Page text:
• You must have been notified of being matched with a child who will be placed with you by a UK adoption agency; and

  • You must have been continuously employed by the same employer for 26 weeks ending with the qualifying week – there may be some breaks in your employment that should not stop you from qualifying for adoption leave or pay; and

  • Your gross average earnings per week must be at, or above, the Lower Earnings Limit (LEL)* for the eight weeks up to the end of your qualifying week.

Your employer will tell you whether you qualify for SAP, but if they state that you do not and you do not agree with them, you have the right to challenge their decision. You should talk to your employer to start with. If you still do not agree with the employer's decision, you should contact the Inland Revenue, who will be able to make a formal decision.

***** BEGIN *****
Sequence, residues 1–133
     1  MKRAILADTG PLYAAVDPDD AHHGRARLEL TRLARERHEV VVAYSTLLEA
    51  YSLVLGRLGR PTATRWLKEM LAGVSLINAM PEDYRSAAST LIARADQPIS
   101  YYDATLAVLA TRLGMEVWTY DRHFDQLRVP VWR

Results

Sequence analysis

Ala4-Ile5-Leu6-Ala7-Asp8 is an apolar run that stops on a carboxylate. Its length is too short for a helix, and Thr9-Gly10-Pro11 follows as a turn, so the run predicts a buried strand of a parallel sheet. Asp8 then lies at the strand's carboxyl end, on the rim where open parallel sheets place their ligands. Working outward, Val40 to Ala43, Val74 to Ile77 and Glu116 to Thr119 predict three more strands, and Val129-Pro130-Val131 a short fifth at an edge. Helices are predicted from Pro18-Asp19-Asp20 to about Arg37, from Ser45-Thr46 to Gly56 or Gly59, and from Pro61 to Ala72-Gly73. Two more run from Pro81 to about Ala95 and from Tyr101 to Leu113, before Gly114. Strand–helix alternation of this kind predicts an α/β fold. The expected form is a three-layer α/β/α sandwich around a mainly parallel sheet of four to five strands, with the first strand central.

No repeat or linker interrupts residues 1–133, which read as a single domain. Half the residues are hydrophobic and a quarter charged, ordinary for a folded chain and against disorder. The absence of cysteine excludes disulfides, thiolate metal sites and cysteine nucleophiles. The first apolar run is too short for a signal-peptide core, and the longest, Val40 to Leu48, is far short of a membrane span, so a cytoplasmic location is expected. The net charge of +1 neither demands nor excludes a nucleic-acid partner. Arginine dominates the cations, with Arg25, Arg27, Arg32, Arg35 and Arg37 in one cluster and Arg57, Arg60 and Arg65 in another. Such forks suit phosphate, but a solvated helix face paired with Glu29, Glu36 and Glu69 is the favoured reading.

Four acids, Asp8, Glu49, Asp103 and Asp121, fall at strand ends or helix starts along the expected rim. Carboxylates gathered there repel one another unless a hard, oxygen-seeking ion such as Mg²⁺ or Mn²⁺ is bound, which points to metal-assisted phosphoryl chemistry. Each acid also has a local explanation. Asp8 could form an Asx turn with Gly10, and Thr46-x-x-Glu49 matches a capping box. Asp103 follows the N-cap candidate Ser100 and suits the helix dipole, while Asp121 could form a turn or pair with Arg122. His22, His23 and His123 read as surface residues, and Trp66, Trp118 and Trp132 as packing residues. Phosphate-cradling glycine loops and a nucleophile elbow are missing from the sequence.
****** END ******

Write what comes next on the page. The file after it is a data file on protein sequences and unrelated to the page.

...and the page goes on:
If you are entitled to receive adoption pay, you can choose when it will start. You can choose that it starts on:

  • The date the child is placed with you for adoption, or if you are at work on that day, the following day; or

  • A pre-determined date that you have chosen and which falls no more than 14 days before the child's placement with you is expected to take place, and which starts no later than the date that the child is placed with you.

You can be paid SAP for up to 26 weeks, and you will receive either £100 per week, or 90% of your average earnings if they are less than £100 per week.

You are entitled to receive adoption pay continuously for a maximum of 26 weeks. If you are paid weekly, then your adoption pay will be paid to you weekly. If you are usually paid your wages monthly, then your SAP will be paid monthly.

You cannot be paid SAP for any week in which you do any work for the employer paying you SAP. Your SAP will also be stopped if, after your child is placed, you start working for a new employer who did not employ you in your qualifying week.

If you leave your job after the qualifying week, for whatever reason (including dismissal), you will still be entitled to SAP, providing you do not start working for another employer. However, some additional rules apply if you are dismissed, and you should check the related links and the guidelines below.